Preds' only pledge is to stay young

The Predators hope their young roster pays off after paying out to a refund to season-ticket holders.

Updated: August 7, 2003, 12:38 PM ET
By Tom Wheatley | Special to ESPN.com

Those Nashville cats survived the playoff pledge. Now the Predators just have to figure out how to survive the startup and shutdown of the regular season.

Last year, in a widely and wildly misunderstood marketing ploy, the Predators pledged to make the playoffs ... or refund the amount of the first season-ticket hike in club history.

2002-03 BY THE NUMBERS
Record: 27-35-13-7, 74 pts. (24th overall, 13th West, 4th Central); Home: 18-17-5-1; Road: 9-18-8-6
Goals for/Avg.:
183/2.23 (28th overall)
Goals against/Avg.:
206/2.51 (9th overall)
Differential:
Minus-23 (20th overall)
Power play:
13.9 percent (58-418, 26th overall)
Penalty kill:
82.7 percent (292-353, T17th overall)
20-goal scorers: Andreas Johansson (20)
50-point scorers: None

The idea was to pump up ticket sales twice -- on the front side, with fans renewing to see a playoff team or the refund; on the back side, where fans with a refund coming would just say "let it ride'' as a down payment on this season's tickets.

The problem came on the front side and back side of the season.

In the first two weeks, the Preds lost their two veteran leaders to injury -- alternated captain Scott Walker and captain Greg Johnson. They bungeed through the first 20 games on a 2-10-4-4 free fall.

That's when the out-of-town hysteria built about coach Barry Trotz, one of the best in the business. GM David Poile had no pressure to make the Trotzie like Trotsky and banish him from the empire.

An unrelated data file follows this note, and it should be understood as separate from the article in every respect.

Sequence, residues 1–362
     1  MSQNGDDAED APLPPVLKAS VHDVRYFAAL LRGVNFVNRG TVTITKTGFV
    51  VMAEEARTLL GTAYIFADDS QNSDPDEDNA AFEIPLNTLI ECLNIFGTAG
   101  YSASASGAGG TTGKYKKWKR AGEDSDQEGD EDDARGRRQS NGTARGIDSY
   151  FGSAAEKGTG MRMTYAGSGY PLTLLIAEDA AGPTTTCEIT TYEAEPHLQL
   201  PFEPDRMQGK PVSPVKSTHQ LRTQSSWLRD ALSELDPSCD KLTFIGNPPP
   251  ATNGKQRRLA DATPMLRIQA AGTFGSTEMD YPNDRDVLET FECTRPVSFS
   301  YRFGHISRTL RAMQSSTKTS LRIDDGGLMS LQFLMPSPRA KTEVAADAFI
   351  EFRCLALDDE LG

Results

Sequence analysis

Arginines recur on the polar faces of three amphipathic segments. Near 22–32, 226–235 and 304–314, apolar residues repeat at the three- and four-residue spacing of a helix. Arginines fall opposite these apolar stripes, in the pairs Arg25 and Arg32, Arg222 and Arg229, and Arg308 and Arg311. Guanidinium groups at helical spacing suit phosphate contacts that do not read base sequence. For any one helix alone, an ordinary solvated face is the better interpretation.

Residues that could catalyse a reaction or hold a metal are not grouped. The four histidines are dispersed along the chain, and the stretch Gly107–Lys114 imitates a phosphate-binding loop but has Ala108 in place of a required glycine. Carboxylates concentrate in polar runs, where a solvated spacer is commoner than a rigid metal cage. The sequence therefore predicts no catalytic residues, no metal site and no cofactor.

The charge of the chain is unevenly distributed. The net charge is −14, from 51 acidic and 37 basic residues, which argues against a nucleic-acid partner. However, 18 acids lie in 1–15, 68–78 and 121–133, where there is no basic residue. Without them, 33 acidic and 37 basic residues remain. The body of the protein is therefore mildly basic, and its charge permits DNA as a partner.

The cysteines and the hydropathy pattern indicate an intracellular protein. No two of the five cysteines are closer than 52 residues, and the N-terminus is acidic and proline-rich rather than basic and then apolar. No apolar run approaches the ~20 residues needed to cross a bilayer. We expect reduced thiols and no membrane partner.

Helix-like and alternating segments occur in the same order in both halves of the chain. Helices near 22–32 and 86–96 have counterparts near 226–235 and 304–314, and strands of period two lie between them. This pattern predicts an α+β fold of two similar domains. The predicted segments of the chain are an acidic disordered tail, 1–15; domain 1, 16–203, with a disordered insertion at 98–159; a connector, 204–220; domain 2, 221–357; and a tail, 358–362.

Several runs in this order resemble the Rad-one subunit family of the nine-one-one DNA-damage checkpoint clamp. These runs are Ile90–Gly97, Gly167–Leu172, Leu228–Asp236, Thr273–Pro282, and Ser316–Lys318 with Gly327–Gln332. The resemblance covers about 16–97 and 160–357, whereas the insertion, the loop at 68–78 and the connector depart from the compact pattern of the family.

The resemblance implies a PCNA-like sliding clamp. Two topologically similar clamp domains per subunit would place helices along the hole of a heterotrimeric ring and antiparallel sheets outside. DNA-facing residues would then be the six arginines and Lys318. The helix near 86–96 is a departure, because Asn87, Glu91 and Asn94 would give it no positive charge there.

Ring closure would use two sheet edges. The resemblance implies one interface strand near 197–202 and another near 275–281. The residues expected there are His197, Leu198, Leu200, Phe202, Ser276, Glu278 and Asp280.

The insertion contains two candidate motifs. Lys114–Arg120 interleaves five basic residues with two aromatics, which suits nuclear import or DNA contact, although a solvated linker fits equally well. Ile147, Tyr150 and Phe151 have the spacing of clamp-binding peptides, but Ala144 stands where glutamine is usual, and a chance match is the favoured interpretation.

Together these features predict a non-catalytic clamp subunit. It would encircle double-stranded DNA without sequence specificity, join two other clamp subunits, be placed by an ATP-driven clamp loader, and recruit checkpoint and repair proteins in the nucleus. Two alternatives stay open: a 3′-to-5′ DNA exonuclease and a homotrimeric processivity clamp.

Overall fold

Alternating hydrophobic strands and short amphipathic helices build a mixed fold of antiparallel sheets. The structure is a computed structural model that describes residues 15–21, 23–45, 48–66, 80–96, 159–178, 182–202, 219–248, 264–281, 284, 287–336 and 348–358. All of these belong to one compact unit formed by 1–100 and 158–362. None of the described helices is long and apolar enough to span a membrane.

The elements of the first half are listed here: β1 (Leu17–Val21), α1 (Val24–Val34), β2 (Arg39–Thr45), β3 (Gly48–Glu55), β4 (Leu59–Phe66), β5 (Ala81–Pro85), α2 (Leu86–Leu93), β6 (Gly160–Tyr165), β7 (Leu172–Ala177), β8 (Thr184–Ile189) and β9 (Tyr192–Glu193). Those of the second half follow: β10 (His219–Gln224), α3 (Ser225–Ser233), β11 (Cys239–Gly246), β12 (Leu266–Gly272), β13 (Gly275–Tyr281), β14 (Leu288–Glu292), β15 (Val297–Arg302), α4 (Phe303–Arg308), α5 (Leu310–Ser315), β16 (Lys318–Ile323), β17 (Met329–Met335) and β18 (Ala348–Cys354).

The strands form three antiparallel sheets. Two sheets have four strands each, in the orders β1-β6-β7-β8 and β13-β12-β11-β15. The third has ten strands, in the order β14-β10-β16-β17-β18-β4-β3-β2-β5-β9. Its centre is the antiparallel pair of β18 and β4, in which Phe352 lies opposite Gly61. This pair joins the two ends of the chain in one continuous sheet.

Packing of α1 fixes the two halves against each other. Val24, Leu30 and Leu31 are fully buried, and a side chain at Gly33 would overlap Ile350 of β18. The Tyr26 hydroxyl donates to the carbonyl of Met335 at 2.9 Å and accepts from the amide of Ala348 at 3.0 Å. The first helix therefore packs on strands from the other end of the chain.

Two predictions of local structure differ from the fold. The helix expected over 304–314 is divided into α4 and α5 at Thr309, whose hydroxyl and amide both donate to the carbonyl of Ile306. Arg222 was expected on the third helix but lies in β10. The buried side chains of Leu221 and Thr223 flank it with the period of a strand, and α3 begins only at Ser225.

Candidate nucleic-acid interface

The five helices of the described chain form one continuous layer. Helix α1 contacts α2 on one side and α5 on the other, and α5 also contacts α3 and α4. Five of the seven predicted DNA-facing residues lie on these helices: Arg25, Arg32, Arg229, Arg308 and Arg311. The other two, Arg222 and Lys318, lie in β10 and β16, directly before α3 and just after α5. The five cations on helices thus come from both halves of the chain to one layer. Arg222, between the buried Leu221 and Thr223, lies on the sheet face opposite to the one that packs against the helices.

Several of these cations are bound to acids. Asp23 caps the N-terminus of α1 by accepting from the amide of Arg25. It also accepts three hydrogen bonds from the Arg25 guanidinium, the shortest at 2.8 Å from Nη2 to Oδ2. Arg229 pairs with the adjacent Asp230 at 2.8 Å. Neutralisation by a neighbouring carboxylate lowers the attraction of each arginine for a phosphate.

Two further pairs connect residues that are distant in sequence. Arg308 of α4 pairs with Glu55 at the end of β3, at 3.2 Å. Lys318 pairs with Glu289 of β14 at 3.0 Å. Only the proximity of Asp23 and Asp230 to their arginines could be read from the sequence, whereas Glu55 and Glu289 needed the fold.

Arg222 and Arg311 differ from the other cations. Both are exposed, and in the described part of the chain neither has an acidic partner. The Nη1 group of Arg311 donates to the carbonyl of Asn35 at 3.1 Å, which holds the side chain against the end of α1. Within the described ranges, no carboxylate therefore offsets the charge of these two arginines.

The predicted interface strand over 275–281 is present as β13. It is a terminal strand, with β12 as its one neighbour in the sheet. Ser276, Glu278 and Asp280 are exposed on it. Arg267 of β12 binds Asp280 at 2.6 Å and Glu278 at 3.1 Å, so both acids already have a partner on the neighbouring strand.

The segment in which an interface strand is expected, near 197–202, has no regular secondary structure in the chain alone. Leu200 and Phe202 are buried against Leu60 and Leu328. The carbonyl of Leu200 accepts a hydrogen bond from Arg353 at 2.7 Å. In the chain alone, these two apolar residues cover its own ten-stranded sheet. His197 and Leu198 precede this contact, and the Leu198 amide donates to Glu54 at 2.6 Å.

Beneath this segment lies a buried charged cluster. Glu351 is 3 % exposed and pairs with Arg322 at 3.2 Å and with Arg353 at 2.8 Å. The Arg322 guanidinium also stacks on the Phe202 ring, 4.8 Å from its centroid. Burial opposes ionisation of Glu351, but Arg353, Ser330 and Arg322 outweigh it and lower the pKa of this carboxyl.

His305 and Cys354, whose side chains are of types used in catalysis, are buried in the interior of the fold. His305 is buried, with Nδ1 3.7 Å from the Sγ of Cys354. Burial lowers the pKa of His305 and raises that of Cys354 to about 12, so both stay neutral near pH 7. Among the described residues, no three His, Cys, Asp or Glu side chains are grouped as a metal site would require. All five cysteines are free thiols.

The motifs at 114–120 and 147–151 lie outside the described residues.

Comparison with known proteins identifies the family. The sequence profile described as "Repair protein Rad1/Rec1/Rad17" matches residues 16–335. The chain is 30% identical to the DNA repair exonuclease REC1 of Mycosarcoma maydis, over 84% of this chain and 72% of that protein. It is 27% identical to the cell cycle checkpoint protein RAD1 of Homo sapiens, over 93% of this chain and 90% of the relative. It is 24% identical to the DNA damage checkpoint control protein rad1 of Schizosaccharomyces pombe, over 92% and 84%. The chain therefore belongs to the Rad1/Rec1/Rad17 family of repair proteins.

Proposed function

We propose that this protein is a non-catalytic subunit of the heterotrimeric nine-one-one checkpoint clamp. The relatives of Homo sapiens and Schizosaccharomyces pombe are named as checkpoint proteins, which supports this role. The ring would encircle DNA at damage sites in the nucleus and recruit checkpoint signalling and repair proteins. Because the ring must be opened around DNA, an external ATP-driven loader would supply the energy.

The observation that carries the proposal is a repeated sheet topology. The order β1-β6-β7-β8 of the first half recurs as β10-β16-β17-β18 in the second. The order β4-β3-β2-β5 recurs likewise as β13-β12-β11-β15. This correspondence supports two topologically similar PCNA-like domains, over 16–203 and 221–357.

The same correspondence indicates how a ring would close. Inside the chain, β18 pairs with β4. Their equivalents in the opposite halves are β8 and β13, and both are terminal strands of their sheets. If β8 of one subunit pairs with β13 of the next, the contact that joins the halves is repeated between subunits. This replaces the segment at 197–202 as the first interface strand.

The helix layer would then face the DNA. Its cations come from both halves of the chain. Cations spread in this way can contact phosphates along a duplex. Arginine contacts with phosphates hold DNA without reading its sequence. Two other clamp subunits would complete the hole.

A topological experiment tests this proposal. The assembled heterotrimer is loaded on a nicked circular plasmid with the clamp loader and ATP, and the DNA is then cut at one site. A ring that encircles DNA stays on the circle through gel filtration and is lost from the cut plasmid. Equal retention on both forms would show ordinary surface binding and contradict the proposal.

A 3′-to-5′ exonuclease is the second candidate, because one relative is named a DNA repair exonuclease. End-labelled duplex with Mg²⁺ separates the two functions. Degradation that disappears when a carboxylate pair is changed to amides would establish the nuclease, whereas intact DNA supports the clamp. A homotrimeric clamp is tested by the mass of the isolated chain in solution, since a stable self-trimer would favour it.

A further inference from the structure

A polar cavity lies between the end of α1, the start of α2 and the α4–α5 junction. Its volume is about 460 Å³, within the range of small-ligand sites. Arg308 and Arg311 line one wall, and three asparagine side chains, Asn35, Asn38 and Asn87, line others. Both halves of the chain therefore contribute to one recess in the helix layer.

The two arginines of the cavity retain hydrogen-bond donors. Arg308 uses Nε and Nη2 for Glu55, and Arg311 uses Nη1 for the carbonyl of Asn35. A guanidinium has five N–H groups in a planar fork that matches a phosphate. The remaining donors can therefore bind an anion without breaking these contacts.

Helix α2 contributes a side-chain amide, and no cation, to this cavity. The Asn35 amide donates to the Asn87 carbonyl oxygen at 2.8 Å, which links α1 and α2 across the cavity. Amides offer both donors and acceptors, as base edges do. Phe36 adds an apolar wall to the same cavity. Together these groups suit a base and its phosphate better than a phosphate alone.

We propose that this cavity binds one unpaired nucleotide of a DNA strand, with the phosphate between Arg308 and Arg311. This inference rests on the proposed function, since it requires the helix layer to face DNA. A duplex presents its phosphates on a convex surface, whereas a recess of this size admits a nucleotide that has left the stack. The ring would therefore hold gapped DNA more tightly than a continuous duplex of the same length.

And rightly so. The club moved injury-prone goalie Mike Dunham to the Rangers, turned the nets over to Tomas Vokoun and went on a 25-12-7-1 run through the meat of the schedule.

The Preds were within a sniff of the eighth and final playoff spot on March 1 after beating Chicago 5-4 in overtime. That rouser pushed Trotzie past ex-Lightning coach Terry Crisp, now the Preds' TV analyst, for the most games coached from the start of an expansion team.

Vokoun turned into a top 10 goalie. That's something Central Division rival St. Louis and Western Conference behemoths Colorado and Vancouver would love to have.

But the paper-thin lineup couldn't cover for a hip injury to Andreas Johansson. The final 15 games were an 0-13-2-0 debacle. That made for a final record of 27-35-13-7 and 74 points, 13th out of 15 in the West. And 18 points out of the playoffs.

In Nashville, they're calling that the "Oreo" season -- a tasty middle sandwiched between two hard crusts.

So now what?

The club still has no money. Attendance flattened at 13,000 per game. Last year, the Preds started with a payroll of $25 million, then pruned nearly $3 million off when Dunham left.

Only Minnesota was thriftier at $20 mil. But an NHL source said the Wild ponied up nearly $4 mil in performance and playoff bonuses, leaving the Preds last -- or first, depending on your spending philosophy -- in salary structure.

At least no playoff pledge is gumming up the publicity works. But as usual, Poile is sticking the build-with-youth plan to Trotzie's shoes. Unlike the rest of us, the Preds are getting younger by the minute.

A year ago, the club had shed popular forward linchpins like Cliff Ronning and Tom Fitzgerald. Kids like David Legwand, Scott Hartnell and rookie Adam Hall stepped up and grew up.

Tomas Vokoun
Tomas Vokoun will need to come up big for the Predators.
A year later, the kids are older. Funny how that worked out. But the forward lines are even younger. Funny how that worked out, too.

Gone are Brent Gilchrist, Denis Pederson, Reid Simpson, Todd Warriner, Clarke Wilm and Vitali Yachmenev. How can they all get dumped? Because that sextet scored an unsexy total of 15 goals in Nashville.